Turns out my new employee has a Criminal Conviction: Now What Do I Do ?

Last week, I got a panicked call from my good friend, “Joe”.  He was in a quandary about what to do because he had just received word that the background check of a recently hired (and now on-the-job) employee revealed a criminal conviction five (5) years ago for check fraud.  Literally, his question to me was “now what?”  The answer, as it turns out, is not as complicated as you might think.

Even in today’s employee-friendly environment, criminal convictions by candidates and employees can still justify either refusing to hire or severing the employment relationship.  The key is that not all criminal convictions are created equal; some simply cannot form a legitimate basis to disqualify or terminate someone.  However, many types of felony convictions may disqualify someone for employment; it just depends on the type of conviction and the type of job the individual has been asked to perform for your company.  Moreover, in recent years the method and process by which you may retrieve a person’s criminal history has changed.  Gone are the days where you can include a question on an initial employment application that asks:  “have you ever been convicted of a crime,” and then automatically disqualify all the applicants that checked “yes.”  The EEOC’s cautionary guidance on the use of criminal history, along with the recent proliferation of “ban the box” legislation in over a dozen jurisdictions (with likely more to follow) have to a large extent eliminated the blanket “criminal conviction” disqualifier as part of the application process.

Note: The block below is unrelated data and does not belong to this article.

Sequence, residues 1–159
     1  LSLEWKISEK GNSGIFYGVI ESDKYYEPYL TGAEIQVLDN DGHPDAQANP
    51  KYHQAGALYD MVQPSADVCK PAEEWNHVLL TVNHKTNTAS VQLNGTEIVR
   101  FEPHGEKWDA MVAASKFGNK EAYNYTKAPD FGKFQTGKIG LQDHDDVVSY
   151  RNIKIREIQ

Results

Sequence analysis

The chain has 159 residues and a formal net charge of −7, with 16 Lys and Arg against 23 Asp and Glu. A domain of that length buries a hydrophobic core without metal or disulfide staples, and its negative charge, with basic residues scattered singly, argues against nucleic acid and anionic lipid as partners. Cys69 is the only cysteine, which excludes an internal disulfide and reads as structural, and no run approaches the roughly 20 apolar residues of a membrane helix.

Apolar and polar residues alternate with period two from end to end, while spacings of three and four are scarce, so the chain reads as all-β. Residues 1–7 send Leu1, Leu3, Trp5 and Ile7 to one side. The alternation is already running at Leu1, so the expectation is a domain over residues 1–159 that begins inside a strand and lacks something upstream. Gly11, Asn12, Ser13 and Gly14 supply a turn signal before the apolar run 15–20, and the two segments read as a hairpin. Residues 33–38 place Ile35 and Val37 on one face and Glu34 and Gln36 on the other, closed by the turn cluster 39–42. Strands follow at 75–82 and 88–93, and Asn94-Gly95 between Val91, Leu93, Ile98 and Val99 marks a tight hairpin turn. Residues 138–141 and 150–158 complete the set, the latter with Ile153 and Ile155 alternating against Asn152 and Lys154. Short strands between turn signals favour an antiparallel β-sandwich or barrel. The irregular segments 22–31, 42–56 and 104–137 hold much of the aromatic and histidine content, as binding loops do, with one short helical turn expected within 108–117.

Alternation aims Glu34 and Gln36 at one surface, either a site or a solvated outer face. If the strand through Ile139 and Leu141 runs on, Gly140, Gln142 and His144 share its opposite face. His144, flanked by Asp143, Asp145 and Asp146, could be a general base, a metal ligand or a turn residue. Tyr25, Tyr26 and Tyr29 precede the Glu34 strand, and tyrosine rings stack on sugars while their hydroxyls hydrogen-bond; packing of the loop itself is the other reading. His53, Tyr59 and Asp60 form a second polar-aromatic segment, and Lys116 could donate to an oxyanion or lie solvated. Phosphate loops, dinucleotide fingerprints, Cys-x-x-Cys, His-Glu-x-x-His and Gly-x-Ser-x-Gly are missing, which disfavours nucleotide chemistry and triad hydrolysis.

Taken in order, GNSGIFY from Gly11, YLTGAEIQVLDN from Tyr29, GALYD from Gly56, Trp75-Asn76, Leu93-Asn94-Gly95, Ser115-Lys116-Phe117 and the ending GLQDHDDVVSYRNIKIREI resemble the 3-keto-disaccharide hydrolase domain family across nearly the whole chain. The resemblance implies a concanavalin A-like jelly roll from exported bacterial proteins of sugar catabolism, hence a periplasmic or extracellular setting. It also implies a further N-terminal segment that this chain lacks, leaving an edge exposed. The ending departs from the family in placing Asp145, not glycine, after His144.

In response, many companies that have multi-jurisdictional operations have opted to postpone the criminal record inquiry until a later stage in the process – say until after an initial offer of employment is made.  By postponing that inquiry, companies can often avoid allegations of a discriminatory hiring process or running afoul of “ban the box” laws that have proliferated.  But there are two sides to every coin.  As Joe found out, by delaying the criminal background check until after the offer of employment, companies may not receive details of the person’s criminal history until after he has already started work.

  1. Does the Conviction Warrant Separation?